How do you suppose God views these matters of falsely accusing along with causing harm to others? In Deuteronomy the ninth teeth chapter we read, “15One witness shall not rise against a man concerning any iniquity or any sin that he commits; by the mouth of two or three witnesses the matter shall be established. 16If a false witness rises against any man to testify against him of wrongdoing, 17then both men in the controversy shall stand before the LORD, before the priests and the judges who serve in those days. 18And the judges shall make careful inquiry, and indeed, if the witness is a false witness, who has testified falsely against his brother, 19then you shall do to him as he thought to have done to his brother; so you shall put away the evil from among you. 20And those who remain shall hear and fear, and hereafter they shall not again commit such evil among you” (Deut. 19:15-19). Obviously, the main purpose God gave this law was to prevent one from slandering or falsely accusing another brother. God revealed the fact that a single witness was insufficient to convict a person of sin. Two or three witnesses were required to confirm the facts of the accusations. A scriptural witness was an independent witness and not one who had been told what to say by the main accuser, nor had the story related to him. Rather, each of the witnesses had to be independent, firsthand observers of what was said and had to see what had actually happened. God wanted a thorough investigation and not just hearsay before any judgment was to be pronounced against a brother. If an accusing brother’s charges were found to be false, the false witness was to receive the same punishment that he tried to inflict on his brother.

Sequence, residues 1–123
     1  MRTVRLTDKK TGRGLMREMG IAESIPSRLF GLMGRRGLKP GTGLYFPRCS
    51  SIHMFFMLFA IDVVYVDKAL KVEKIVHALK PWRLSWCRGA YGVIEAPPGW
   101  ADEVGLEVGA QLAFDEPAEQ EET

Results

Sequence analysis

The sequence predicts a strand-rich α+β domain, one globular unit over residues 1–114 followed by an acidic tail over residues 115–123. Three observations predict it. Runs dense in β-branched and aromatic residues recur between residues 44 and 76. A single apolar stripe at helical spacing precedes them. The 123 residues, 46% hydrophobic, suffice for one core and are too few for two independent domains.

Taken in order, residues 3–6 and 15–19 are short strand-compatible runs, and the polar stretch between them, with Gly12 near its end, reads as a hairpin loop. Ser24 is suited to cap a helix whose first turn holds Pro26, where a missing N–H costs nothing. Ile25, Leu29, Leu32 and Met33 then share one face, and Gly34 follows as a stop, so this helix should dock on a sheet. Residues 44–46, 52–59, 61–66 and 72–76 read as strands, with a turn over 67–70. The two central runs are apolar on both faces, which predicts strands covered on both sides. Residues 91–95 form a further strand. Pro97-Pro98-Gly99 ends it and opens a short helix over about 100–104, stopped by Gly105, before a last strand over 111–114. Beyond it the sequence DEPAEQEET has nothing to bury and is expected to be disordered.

It is God who teaches us from the Old Testament that if any brother accuses another brother, then he must verify and substantiate his claims or suffer severe consequences. As a result, far less gossip and slander would be generated or allowed. If a brother had to prove a clear-cut, solid charge against another brother, or else be punished himself, he then would be more likely to keep his suspicions to himself until he could prove his testimonial conclusively. Is this not the will of God as well today? Was it not Jesus who taught us by the golden rule (to love your neighbor as yourself) to have respect for a person’s reputation and forbid damaging the character of another person by making statements which are not true, thus causing harm to that person? “11Do not speak evil of one another, brethren. He who speaks evil of a brother and judges his brother, speaks evil of the law and judges the law. But if you judge the law, you are not a doer of the law but a judge. 12There is one Lawgiver, who is able to save and to destroy. Who are you to judge another?” (James 4:11-12). Yes, all of God’s people should have enthusiasm for devotion to doctrinal purity, but it must be tempered with a love for truth, justice, and fellowman (Mark 12:30-31). Love for God and love of neighbor are inseparable. The one is not possible apart from the other. That is why Christians should be honest in their private dealings as well as in their public statements in the body of Christ. In either situation, it is “testifying falsely” when we leave something out of a story, tell a half-truth, twist the facts, or invent a falsehood. Jesus warns that such deception is what defiles a person (Matt. 15:18-20). Yet too often we live under the illusion that others are little affected by our negative verbal behavior. Make no mistake about it, words that slander, condemn, or demean are tools of Satan. It is Satan who is called the “accuser of our brethren, who accused them before our God day and night…” (Rev. 12:10). You might also be surprised to know that the Greek word for the “devil” is “diabolos” which means, “an accuser, a slanderer.”